is the “Rule of Law?”
states that public officers owe a duty to everyone in Zimbabwe
to observe and uphold the rule of law [sec 18(1a)], and the “Kariba
Draft” Constitution contains a similar provision. However,
most people - including lawyers - have only the vaguest idea of
what the expression “rule of law” means.
This is understandable
because it is an elastic concept. Fundamentally it means that
people’s rights and obligations must be determined by laws
rather than by individuals or groups of individuals exercising
an arbitrary discretion. From this fundamental concept several
principles are derived:
to the concept of the rule of law is the idea that all the three
branches of government must operate within their own particular
spheres: the Executive is restricted to administration, the Legislature
to enacting laws, and the Judiciary to adjudicating legal disputes
and interpreting the laws. All three branches are subject to the
rule of law in relation to the new Constitution
How does the
rule of law relate to the new constitution that is being prepared
by COPAC; or, more precisely, can the new constitution ensure
that the rule of law will apply within Zimbabwe? It can, through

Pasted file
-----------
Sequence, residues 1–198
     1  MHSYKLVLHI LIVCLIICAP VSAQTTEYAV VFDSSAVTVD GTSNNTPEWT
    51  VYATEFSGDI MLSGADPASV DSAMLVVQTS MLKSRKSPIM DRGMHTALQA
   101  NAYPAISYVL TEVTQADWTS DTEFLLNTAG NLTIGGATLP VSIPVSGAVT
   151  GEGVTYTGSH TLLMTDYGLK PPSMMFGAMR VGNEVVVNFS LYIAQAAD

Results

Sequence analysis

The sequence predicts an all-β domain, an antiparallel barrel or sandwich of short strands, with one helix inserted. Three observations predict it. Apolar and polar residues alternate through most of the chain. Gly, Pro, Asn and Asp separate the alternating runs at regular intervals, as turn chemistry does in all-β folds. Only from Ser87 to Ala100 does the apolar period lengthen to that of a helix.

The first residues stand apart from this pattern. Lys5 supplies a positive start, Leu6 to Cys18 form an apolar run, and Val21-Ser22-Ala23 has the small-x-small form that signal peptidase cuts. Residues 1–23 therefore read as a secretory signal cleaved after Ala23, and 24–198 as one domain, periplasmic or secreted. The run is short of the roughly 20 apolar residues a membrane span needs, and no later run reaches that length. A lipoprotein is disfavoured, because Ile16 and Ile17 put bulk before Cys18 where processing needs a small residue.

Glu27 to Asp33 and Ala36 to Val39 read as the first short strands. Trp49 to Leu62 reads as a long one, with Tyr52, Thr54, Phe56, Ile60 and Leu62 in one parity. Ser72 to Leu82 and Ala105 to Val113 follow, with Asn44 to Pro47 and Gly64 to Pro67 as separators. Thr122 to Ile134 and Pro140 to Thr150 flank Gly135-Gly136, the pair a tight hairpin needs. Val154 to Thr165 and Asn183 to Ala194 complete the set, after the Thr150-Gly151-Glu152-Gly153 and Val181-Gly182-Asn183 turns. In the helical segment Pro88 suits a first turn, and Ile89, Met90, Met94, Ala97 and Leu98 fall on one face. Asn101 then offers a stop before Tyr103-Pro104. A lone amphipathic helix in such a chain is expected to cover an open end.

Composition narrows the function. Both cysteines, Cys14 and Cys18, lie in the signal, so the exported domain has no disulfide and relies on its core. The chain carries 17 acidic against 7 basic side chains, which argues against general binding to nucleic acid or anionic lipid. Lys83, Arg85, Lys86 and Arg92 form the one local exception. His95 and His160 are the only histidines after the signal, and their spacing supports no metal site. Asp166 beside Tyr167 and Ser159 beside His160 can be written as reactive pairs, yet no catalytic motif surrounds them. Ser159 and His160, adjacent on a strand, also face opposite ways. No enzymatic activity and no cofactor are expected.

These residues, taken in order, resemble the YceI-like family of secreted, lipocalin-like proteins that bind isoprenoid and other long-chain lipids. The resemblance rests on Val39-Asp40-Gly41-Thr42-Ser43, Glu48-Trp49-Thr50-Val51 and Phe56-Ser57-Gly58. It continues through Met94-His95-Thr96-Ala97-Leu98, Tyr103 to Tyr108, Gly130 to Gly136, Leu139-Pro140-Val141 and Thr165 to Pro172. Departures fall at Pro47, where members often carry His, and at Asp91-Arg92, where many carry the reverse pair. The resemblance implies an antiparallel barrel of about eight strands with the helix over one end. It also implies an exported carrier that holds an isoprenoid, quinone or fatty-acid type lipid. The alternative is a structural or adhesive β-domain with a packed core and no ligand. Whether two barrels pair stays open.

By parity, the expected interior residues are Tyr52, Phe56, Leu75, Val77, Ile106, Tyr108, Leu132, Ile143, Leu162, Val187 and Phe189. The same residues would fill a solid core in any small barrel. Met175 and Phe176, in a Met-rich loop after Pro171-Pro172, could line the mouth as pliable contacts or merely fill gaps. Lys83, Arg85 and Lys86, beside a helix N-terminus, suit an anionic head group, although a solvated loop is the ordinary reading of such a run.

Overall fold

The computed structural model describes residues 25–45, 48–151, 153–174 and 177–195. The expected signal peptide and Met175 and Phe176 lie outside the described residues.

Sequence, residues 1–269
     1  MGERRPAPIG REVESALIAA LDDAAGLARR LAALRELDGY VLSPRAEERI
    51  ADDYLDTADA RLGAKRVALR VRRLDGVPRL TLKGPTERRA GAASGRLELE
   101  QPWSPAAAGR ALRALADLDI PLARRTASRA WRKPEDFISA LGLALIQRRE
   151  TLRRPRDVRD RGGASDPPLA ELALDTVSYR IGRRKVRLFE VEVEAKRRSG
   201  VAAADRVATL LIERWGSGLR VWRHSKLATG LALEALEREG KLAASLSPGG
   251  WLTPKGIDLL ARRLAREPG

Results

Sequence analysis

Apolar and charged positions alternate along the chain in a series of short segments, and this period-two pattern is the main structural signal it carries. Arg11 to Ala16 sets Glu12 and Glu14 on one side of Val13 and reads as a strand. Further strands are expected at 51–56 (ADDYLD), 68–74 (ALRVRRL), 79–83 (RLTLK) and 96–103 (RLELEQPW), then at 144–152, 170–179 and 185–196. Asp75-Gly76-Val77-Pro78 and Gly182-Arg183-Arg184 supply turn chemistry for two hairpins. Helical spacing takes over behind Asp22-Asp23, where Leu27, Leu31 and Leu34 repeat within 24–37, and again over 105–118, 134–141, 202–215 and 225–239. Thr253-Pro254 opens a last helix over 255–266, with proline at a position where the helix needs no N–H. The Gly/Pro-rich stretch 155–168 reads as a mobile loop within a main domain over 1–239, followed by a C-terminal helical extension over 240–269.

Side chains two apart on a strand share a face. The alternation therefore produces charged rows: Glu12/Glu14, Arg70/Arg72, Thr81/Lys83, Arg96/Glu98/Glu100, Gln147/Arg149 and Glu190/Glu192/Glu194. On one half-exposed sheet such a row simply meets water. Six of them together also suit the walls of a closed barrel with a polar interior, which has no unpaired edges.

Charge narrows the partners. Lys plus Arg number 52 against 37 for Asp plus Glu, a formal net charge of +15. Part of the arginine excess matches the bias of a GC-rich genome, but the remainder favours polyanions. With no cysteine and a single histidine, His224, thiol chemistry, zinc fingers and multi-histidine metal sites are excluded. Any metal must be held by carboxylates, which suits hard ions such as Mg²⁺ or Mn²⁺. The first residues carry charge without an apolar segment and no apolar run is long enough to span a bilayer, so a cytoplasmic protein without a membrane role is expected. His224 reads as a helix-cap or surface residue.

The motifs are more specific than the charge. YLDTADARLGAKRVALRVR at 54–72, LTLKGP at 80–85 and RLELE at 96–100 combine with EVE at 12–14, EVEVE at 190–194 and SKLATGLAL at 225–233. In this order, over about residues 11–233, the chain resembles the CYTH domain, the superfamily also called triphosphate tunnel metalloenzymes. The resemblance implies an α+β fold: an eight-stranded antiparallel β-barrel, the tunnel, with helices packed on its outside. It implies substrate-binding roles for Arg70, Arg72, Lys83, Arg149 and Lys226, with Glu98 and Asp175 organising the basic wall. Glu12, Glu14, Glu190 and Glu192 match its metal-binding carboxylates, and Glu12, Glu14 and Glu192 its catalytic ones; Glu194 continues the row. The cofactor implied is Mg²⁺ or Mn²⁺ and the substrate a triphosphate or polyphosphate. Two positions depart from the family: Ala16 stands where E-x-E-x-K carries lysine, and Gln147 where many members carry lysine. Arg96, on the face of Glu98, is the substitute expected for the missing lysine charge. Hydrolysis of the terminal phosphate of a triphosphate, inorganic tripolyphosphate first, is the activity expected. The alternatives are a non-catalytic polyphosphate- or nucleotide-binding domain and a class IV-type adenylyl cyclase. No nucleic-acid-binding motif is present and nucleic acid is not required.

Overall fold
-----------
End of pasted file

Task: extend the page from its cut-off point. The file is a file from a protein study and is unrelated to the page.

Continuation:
the following means:
For the rule of law to prevail the powers of each branch of government
must be limited. If the new constitution provides for a powerful
executive with extensive discretionary powers then there cannot
be the rule of law.
must be subject to the law: Everyone, including government officials
and the State itself, must be subject to the law. This should
be stated expressly, but in addition it should be reinforced by
provisions giving ordinary people the right to sue the State and
its officials for infractions of their rights. Section 24 of the
present Constitution goes some way towards this by giving people
a right to apply to the Supreme Court for redress for infringements
of their rights under the Declaration of Rights. No immunity should
be given to any State official, from the highest to the lowest.
If, for example, it is felt that the work of government might
be impeded if the President could be sued personally in the courts,
then the President’s immunity from legal action should be
lifted as soon as she or he leaves office.
of powers: The separate roles of the different arms of government
must be clearly stated in the Constitution, and there should be
a statement that, as a general principle, their powers should
be kept separate. It should be clear, for example, that a law
such as the Presidential
Powers (Temporary Measures) Act is contrary to constitutional
principles. The power of the Executive to appoint members of the
legislature, whether directly or indirectly, should be removed
or severely curtailed.
of the judiciary: A mechanism must be established to ensure that
members of the judiciary - magistrates as well as judges - are
appointed by an independent body. The Judicial Service Commission
established under the present Constitution is inadequate for this
purpose since most of its members are appointed by the President.